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Friday, September 17, 2010

Limiting Lundqvist, or at Least Trying To

GREENBURGH, N.Y. — The Rangers may not know what to expect this season, but they do know one thing: their workhorse goalie, Henrik Lundqvist, will be playing less.

Then again, they said that last year.

Both Lundqvist, in an interview this week, and Coach John Tortorella, speaking on Thursday on the eve of training camp, said Lundqvist’s workload would be reduced.

“What did we play him last year, 73 games?” said Tortorella, noting that no Stanley Cup-winning goalie in the last six years had played more than 62 regular-season games. “That’s ridiculous — it’s just too much.”

Lundqvist said: “I think that’s the plan — it’s been the plan the last couple of years. It just didn’t turn out that way.”

Last year, Tortorella said he expected Steve Valiquette, then the backup goalie, to fill in more often, but he played poorly and was demoted to Hartford. The Rangers found themselves in a season-long struggle to make the playoffs, forcing Lundqvist to play almost every game.

He played superbly the whole way, including the season finale, a 46-save shootout loss to Philadelphia, 2-1, that cost the Rangers a playoff berth.

“I was ready for the playoffs,” Lundqvist said. “On the other hand, that was mid-April. If your goal is to play in June, it might be better to rest a couple more games.”

Over the summer, the Rangers signed Martin Biron, a reliable 33-year-old backup who has played for the Islanders, the Flyers and the Sabres. “We’re excited about Biron being here to take some of the load off Hank,” Tortorella said.

Very little else about the Rangers is definite — the team’s outlook is “clouded,” as Tortorella put it. Almost every position is in flux.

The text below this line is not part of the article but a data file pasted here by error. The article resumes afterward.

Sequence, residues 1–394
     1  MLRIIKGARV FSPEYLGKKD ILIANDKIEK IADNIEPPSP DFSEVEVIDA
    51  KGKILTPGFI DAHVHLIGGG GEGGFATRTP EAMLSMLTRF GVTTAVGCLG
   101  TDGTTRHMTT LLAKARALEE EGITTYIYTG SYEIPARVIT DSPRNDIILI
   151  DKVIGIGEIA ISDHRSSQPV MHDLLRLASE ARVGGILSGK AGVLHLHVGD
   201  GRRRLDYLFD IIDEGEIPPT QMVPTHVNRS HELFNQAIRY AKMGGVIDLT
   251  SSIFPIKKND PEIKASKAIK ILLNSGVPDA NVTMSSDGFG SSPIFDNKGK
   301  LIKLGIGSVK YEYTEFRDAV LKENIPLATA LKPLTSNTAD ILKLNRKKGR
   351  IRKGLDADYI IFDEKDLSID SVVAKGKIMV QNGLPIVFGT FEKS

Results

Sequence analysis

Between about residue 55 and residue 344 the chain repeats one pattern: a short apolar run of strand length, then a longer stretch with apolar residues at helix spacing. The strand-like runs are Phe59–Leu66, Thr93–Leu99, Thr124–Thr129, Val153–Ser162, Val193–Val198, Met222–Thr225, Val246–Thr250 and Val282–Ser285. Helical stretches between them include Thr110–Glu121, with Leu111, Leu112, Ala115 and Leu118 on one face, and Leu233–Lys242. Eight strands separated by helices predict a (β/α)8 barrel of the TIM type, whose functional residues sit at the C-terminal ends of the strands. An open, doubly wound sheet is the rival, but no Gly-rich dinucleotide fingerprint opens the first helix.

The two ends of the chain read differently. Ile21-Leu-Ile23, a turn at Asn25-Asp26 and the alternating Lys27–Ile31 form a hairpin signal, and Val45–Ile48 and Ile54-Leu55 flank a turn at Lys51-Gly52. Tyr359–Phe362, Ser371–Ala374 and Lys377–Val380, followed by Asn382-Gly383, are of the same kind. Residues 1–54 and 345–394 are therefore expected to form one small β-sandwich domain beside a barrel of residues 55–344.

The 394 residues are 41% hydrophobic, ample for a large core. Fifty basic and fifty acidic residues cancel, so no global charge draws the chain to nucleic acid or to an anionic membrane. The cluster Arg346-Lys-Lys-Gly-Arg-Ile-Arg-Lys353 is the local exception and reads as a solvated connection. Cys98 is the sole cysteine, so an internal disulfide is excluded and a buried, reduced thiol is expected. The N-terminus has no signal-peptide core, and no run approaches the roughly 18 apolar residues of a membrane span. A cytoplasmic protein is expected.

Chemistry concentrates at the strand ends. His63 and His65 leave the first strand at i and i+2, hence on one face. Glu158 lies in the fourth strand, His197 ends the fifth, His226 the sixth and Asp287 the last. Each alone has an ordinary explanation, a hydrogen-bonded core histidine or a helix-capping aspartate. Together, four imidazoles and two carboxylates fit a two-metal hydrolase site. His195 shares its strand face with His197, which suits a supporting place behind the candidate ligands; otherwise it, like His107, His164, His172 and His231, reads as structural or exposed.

Right wing Marian Gaborik, whose 42 goals last season were 23 more than the next highest Ranger, remains the primary offensive threat. He will be paired on the first line with another new signing, left wing Alexander Frolov, who averaged 24 goals in seven seasons with Los Angeles.

But who their center will be is unclear. The newly re-signed Marc Staal remains a top defenseman, but Tortorella said he was not sure who would be Staal’s partner.

“You’ve got to give me some time till I see what this team is,” Tortorella said. “There are so many new guys in camp.”

Among the new faces will be three veterans skating on a tryout basis.

Wing Ruslan Fedotenko won a Stanley Cup under Tortorella with Tampa Bay in 2004. In fact, Fedotenko scored both goals in the 2-1 Game 7 victory that clinched the Cup. He won the Cup again in 2009 with Pittsburgh.

Defenseman Alexei Semenov is back in camp after being offered a roster spot last season before leaving suddenly to play for Dinamo Moscow. General Manager Glen Sather told reporters Semenov left because his wife wanted to return home, but Semenov said it was because the Dinamo contract paid more.

Todd White is a 35-year-old center who broke the 20-goal plateau twice with Ottawa and once with Atlanta. But he is not the No. 1 center the Rangers need.

The problem for the Rangers — as it is for so many other teams — is how to fit new players under the salary cap. Staal’s new five-year contract counts as a $3.975 million cap hit, putting the Rangers $4 million over the limit.

One solution could be to send the much-maligned veteran defenseman Wade Redden and his $6.5 million cap hit to Hartford. But “we’re not going to single out Wade Redden,” Tortorella said.

“I’m sure it’s weighing on him a little bit,” Tortorella said. “We need to let this play out. A lot of different things can happen.”

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